The affects of single gender classroom grouping on students' achievement and discipline in a selected school district in South Mississippi

Jean Lyles Young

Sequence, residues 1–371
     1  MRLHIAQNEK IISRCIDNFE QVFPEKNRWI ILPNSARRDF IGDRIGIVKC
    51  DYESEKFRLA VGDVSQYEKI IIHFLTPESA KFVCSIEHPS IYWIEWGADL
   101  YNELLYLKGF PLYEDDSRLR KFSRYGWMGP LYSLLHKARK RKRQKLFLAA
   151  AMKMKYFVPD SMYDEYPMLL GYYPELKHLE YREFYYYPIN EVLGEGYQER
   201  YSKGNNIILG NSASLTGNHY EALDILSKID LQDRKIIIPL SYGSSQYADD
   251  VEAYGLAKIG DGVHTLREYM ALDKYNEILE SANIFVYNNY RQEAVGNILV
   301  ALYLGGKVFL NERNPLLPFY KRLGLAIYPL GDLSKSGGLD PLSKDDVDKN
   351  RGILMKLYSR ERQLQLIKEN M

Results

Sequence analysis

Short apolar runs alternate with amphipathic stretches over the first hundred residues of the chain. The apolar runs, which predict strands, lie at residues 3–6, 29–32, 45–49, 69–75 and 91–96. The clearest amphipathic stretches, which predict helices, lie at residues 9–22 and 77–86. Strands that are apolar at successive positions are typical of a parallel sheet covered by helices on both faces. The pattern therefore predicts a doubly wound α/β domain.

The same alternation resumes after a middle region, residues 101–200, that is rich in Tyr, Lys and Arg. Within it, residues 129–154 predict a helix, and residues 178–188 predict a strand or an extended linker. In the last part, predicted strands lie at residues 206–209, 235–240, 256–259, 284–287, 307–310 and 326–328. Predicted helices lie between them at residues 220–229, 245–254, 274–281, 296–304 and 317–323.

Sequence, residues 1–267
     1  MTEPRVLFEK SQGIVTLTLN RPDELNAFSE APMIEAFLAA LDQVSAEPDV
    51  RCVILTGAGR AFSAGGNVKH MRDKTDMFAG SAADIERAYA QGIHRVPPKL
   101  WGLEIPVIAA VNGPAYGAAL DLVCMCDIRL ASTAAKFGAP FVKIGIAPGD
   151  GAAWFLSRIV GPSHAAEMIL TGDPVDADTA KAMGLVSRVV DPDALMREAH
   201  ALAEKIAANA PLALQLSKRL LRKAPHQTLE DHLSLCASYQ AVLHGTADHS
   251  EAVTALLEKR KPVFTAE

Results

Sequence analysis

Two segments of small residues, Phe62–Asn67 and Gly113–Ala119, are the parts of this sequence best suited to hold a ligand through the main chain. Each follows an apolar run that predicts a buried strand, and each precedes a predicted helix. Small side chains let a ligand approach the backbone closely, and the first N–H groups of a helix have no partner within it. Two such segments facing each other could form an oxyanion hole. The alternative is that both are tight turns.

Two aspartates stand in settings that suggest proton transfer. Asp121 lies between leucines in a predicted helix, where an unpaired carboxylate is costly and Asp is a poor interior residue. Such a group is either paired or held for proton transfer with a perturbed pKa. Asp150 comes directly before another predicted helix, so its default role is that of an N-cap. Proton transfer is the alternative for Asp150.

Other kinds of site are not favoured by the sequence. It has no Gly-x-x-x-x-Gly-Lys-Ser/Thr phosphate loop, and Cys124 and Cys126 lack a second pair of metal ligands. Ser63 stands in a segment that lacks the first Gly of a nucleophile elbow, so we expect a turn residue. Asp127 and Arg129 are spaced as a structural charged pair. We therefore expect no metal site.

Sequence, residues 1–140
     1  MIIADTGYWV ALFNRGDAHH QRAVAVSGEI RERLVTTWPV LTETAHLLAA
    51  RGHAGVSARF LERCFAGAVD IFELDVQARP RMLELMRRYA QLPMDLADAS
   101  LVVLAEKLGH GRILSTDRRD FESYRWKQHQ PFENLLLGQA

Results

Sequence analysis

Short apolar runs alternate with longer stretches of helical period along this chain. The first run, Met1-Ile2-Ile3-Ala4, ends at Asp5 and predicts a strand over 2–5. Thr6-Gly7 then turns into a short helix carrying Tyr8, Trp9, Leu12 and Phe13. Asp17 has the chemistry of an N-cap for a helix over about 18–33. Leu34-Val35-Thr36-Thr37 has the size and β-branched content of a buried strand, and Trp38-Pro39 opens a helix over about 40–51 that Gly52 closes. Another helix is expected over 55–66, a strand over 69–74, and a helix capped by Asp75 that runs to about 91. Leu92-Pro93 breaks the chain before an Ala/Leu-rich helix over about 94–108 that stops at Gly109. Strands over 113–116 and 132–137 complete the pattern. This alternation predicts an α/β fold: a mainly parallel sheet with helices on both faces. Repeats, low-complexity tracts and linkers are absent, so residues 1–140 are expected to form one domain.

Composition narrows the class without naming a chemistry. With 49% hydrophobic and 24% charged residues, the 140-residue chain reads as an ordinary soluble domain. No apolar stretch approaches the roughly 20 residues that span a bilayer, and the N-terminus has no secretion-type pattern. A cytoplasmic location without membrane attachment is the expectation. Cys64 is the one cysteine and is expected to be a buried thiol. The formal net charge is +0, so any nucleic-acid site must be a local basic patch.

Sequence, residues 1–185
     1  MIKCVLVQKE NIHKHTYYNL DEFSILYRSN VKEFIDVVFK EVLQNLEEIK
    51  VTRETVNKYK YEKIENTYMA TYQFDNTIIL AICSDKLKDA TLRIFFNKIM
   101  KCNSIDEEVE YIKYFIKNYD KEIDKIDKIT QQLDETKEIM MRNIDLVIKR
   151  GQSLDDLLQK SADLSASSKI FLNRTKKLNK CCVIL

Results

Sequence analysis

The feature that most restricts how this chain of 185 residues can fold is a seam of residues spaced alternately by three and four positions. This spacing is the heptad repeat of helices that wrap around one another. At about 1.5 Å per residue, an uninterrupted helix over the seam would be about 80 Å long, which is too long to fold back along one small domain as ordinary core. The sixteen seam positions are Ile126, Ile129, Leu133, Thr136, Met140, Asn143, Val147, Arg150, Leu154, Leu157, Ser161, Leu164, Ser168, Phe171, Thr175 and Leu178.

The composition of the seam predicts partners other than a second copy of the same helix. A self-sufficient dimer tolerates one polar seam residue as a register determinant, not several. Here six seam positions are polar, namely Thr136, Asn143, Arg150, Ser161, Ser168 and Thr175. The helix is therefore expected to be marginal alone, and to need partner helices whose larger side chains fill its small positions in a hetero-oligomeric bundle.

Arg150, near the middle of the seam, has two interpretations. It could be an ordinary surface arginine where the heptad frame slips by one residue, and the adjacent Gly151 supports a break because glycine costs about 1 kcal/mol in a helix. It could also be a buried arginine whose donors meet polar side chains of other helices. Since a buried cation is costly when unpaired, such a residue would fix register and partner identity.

Educators are searching for innovative methods to keep students' attention and increase classroom productivity. A method that has been given attention over the past few years is the single-gender configuration of the classroom. Experimentation with this type grouping has implications for investigation. American public schools are beginning to take a closer look at single-gender classes as an alternative way to group students. Research supports the fact that most schools that have tried same-gender classes have seen improved test scores and reduced disciplinary problems. Description of subjects. This study was produced to determine how grouping students in same-gender classrooms affected achievement and discipline. Students in fifth grade at a rural elementary school in a southeastern state were randomly assigned to one of three math groups included in the study. One class was all girls; another class was all boys and the third class was a mixed class of both boys and girls. Procedure. A one-way Repeated Measures Analysis of Variance (RM ANOVA) was conducted to determine the effect of single-gender grouping on math achievement. The STAR Math Test was used as Pre and posttests. Scores on the two tests were compared to determine if there was a statistically significant difference. A one-way Repeated Measures Analysis of Variance (ANOVA) was conducted to evaluate the relationship between class grouping configuration and disciplinary referrals. Discipline records from the first semester of the 2002-03 school year were studied and compared to discipline records from the first semester of the 2003-04 school year. This analysis attempted to determine whether negative behaviors increased, decreased or stayed the same among the groups of students. Results. There was significant interaction between Math pre- and posttest scores for the all-girls' class, the all-boys' class and the mixed-gender class. The mixed-gender class made a significant gain in math scores from the August 2003 to May 2004. The all girls' class also achieved higher scores on the posttest, however, the all-boys' scores declined. The analysis showed that discipline improved for the mixed gender class by fifty percent. There was a significant increase of disciplinary referrals for the all girls' class. The number of referrals remained the same for the all boys' class.